Docket No. 61399.

406 Mich. 275 (1979)

278 N.W.2d 41


Supreme Court of Michigan.

Decided May 1, 1979.

Attorney(s) appearing for the Case

Keller & Katowsky, P.C., for plaintiff.

Woodworth & Woodworth for defendant James F. Woodworth.


We are asked to decide when the statute of limitations1 begins to run in a malpractice case involving an attorney's inaction in failing to schedule a debt owed by this plaintiff in a petition for personal bankruptcy. The circuit court granted an accelerated judgment for the defendant after it found the statute of limitations had run. The Court of Appeals reversed2 and we affirm, finding the statute of limitations starts to run at the time the plaintiff is discharged in bankruptcy.

The plaintiff retained the defendant to file a personal bankruptcy in 1970. The original petition was filed in the bankruptcy court on March 17, 1971, and amended on April 19, 1971. Neither petition scheduled a debt owed by the plaintiff to the Michigan Motor Vehicle Accident Claims Fund. The plaintiff attempted several times to have the defendant schedule this debt, including the filing of a request for investigation with the State Bar Grievance Board on November 22, 1971. The plaintiff received his discharge in bankruptcy on September 25, 1972, but it did not include the debt to the Michigan Motor Vehicle Accident Claims Fund. This suit was filed December 26, 1973.

Both parties agree that the applicable statute of limitations is two years3 and that the accrual of the claim is governed by MCL 600.5838; MSA 27A.5838 before its amendment by 1975 PA 142. In dealing with the statute, in Dyke v Richard, 390 Mich. 739, 747; 213 N.W.2d 185 (1973), we held:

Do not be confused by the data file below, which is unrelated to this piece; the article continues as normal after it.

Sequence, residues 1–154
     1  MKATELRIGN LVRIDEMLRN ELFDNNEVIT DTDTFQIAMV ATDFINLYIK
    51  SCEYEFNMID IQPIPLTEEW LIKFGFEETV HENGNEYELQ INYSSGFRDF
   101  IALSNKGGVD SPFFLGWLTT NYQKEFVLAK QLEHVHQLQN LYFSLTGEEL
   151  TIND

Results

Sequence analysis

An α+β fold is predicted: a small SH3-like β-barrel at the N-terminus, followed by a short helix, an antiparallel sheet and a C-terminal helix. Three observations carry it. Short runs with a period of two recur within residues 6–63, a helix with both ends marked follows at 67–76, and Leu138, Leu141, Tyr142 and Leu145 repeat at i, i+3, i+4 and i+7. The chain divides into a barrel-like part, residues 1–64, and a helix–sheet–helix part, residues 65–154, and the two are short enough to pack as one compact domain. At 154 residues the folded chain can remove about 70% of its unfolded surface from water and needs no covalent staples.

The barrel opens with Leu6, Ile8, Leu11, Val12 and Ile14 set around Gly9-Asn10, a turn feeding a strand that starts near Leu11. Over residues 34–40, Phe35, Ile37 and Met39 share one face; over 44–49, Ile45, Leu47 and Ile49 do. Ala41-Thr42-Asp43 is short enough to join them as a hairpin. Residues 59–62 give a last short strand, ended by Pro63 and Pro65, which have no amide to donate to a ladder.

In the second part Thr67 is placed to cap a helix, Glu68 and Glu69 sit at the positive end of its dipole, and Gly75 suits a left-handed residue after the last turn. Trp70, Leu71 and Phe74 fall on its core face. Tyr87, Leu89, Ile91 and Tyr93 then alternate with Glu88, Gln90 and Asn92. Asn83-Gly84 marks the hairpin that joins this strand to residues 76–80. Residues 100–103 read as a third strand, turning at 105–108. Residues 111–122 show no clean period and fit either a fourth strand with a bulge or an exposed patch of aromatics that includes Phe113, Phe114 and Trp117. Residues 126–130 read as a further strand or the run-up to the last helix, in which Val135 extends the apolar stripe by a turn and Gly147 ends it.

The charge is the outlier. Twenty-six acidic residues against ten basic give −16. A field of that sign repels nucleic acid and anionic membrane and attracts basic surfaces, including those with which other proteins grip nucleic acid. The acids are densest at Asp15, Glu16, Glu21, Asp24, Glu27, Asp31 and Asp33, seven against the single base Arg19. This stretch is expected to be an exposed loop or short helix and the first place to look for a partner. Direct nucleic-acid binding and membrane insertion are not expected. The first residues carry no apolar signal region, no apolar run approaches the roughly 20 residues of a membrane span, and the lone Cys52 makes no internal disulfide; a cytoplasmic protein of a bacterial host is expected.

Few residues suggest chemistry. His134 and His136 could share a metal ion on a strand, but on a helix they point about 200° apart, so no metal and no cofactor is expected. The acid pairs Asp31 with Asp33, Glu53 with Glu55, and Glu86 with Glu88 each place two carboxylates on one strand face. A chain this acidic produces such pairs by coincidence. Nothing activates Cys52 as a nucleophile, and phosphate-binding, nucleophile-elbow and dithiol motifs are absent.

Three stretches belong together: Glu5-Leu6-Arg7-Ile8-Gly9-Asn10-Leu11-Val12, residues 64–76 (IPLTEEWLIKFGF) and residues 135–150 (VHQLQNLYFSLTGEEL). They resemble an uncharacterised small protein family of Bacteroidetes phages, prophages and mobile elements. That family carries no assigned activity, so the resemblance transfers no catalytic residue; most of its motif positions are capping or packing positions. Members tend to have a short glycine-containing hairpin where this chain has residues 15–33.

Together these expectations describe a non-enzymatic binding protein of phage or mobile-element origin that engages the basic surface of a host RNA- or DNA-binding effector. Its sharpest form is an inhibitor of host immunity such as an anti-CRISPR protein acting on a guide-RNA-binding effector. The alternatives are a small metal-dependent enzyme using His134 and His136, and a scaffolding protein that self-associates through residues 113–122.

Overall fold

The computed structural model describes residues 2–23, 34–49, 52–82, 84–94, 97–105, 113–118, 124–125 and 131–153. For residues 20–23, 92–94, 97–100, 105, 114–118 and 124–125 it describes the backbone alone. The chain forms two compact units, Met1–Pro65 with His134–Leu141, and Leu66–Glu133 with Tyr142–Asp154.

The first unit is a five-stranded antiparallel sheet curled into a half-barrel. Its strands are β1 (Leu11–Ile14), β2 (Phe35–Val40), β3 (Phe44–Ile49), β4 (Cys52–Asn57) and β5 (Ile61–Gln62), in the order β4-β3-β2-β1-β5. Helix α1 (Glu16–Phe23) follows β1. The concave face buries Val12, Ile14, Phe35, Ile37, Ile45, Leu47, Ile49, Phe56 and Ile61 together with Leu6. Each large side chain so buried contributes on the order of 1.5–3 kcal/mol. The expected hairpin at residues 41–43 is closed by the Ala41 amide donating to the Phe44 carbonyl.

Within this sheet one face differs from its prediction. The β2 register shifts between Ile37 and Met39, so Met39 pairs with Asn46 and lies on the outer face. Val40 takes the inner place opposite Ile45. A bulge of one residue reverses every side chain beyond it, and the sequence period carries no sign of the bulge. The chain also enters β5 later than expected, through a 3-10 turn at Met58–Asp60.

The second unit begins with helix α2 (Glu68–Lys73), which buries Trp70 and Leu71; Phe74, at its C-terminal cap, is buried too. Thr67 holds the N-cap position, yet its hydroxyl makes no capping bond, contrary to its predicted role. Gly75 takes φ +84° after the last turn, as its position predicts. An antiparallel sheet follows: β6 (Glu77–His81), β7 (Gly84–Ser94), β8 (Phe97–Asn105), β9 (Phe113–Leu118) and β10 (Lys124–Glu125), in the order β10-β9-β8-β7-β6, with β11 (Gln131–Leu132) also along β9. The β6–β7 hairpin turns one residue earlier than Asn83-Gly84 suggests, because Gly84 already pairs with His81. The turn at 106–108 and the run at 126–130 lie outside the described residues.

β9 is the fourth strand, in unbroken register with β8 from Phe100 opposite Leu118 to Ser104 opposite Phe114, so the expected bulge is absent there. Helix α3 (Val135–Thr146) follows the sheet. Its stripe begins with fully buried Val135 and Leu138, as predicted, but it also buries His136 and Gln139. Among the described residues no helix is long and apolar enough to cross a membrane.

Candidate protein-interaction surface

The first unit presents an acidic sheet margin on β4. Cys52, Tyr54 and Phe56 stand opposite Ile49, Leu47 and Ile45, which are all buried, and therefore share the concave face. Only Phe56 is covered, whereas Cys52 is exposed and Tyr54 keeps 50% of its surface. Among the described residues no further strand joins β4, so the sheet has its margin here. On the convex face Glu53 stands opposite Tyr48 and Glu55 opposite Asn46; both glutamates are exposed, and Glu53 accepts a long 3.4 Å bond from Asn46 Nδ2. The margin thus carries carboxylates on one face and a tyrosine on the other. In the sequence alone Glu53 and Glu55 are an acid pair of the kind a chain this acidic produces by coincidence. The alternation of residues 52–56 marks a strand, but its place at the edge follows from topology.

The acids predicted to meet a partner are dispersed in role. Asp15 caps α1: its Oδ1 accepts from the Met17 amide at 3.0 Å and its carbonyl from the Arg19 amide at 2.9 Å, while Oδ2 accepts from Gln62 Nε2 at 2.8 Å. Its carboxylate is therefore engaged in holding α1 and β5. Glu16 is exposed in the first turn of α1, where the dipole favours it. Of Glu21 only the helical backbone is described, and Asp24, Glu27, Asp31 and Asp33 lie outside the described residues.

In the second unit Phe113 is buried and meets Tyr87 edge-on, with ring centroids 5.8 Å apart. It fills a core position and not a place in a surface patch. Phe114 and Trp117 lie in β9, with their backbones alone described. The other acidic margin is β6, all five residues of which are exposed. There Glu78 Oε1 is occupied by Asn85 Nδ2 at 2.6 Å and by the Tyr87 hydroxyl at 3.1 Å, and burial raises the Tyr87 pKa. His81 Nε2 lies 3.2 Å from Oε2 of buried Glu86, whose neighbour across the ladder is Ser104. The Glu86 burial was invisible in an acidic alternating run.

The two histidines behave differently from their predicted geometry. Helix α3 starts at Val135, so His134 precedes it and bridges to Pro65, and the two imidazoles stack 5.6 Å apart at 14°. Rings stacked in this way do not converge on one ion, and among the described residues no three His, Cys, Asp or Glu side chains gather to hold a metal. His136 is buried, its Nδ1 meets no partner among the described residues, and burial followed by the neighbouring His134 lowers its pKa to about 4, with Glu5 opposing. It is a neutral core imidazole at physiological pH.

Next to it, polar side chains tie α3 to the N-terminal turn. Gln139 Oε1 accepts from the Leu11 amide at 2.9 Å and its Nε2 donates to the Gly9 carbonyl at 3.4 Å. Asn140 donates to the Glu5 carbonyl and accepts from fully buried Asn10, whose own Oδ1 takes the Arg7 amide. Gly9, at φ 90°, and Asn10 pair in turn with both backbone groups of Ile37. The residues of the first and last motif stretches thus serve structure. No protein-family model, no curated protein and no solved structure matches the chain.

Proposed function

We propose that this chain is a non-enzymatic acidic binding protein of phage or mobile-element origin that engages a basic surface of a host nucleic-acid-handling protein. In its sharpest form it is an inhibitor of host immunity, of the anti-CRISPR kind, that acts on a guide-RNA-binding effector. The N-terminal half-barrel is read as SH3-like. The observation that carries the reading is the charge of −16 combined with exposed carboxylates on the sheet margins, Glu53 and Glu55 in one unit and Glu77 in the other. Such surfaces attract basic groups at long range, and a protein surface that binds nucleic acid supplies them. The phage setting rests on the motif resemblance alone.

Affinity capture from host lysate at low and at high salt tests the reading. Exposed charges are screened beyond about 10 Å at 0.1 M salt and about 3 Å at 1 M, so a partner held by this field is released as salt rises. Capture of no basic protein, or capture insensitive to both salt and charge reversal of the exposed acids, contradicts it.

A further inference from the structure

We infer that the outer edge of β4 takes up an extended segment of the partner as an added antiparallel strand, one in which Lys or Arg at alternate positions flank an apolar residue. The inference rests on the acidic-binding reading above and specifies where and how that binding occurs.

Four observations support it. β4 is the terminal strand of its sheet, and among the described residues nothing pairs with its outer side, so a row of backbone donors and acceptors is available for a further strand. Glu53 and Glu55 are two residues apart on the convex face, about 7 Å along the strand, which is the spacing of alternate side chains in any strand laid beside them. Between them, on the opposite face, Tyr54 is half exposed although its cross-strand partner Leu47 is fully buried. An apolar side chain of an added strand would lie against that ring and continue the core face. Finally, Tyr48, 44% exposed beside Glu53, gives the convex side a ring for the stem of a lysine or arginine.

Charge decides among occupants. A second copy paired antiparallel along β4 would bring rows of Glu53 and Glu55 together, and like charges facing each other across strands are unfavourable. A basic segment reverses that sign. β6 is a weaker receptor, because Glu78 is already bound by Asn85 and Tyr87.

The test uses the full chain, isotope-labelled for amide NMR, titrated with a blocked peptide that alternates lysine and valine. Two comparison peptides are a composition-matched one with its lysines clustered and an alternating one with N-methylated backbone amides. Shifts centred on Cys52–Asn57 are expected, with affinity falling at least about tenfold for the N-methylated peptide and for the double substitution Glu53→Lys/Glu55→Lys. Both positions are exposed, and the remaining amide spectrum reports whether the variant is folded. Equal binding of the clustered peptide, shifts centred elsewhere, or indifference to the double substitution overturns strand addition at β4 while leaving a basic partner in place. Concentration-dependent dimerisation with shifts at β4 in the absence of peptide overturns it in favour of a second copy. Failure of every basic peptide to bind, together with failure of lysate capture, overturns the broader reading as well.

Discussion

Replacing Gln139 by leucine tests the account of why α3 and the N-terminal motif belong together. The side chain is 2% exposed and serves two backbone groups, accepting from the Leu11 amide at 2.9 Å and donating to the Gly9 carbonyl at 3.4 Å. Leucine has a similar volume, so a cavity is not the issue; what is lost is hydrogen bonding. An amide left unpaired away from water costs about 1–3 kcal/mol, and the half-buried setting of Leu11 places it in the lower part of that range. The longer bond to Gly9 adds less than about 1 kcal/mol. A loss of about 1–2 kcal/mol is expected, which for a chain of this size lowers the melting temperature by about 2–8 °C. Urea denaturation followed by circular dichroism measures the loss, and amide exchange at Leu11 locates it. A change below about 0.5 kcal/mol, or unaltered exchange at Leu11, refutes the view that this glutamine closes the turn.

"[A]n action based on malpractice by a state licensed person must be brought within two years of the time when such person discontinues treating or otherwise serving the plaintiff, or within two years of the time when the plaintiff discovers, or in the exercise of reasonable diligence should have discovered, the asserted malpractice, whichever is later."

Applying this standard, the circuit court held the last date of service to be April 19, 1971 (when the bankruptcy petition was amended) and the date of the plaintiff's knowledge of the asserted malpractice to be November 22, 1971 (the date of filing the request for investigation with the State Bar Grievance Board). Consequently, it concluded the two years had expired.

The Court of Appeals concluded that when the negligence of an attorney consists of delay or inaction,4 a client's cause of action accrues at the time when it can be said that the attorney has had a reasonable time to act but has failed to do so. The alleged malpractice accrued when the defendant failed to schedule the debt within a reasonable time after having been requested to do so by his client. The Court of Appeals held that whether the plaintiff could have discovered the asserted malpractice within the two-year limitation period is a question of fact to be decided by the trier of fact. Therefore the circuit court erred in ruling that the plaintiff's claim was barred by the statute of limitations on the basis of the present record.

We concur in the result reached by the Court of Appeals. We hold that the statute of limitations starts to run at the time the plaintiff was discharged in bankruptcy. Until then, the defendant could have petitioned the bankruptcy court to amend the petition, and the plaintiff would not have had a claim for malpractice.

Affirmed and remanded for proceedings consistent with this opinion.



1. MCL 600.5805(3); MSA 27A.5805(3).
2. 81 Mich.App. 705; 265 N.W.2d 797 (1978).
3. MCL 600.5805(3); MSA 27A.5805(3).
4. Anno: When Statute of Limitations Begins to Run Upon Action Against Attorney for Malpractice, 18 ALR3d 978, 1002-1005.


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